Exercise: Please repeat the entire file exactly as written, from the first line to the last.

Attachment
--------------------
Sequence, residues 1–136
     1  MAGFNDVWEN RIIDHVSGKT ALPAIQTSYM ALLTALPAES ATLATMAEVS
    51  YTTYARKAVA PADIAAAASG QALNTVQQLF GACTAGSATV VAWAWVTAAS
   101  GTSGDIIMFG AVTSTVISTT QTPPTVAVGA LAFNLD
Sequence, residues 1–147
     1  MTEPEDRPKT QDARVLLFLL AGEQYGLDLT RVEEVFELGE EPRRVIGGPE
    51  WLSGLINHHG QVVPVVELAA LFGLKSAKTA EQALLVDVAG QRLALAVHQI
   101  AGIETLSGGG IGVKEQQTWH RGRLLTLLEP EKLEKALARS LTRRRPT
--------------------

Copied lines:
Sequence, residues 1–136
     1  MAGFNDVWEN RIIDHVSGKT ALPAIQTSYM ALLTALPAES ATLATMAEVS
    51  YTTYARKAVA PADIAAAASG QALNTVQQLF GACTAGSATV VAWAWVTAAS
   101  GTSGDIIMFG AVTSTVISTT QTPPTVAVGA LAFNLD
Sequence, residues 1–147
     1  MTEPEDRPKT QDARVLLFLL AGEQYGLDLT RVEEVFELGE EPRRVIGGPE
    51  WLSGLINHHG QVVPVVELAA LFGLKSAKTA EQALLVDVAG QRLALAVHQI
   101  AGIETLSGGG IGVKEQQTWH RGRLLTLLEP EKLEKALARS LTRRRPT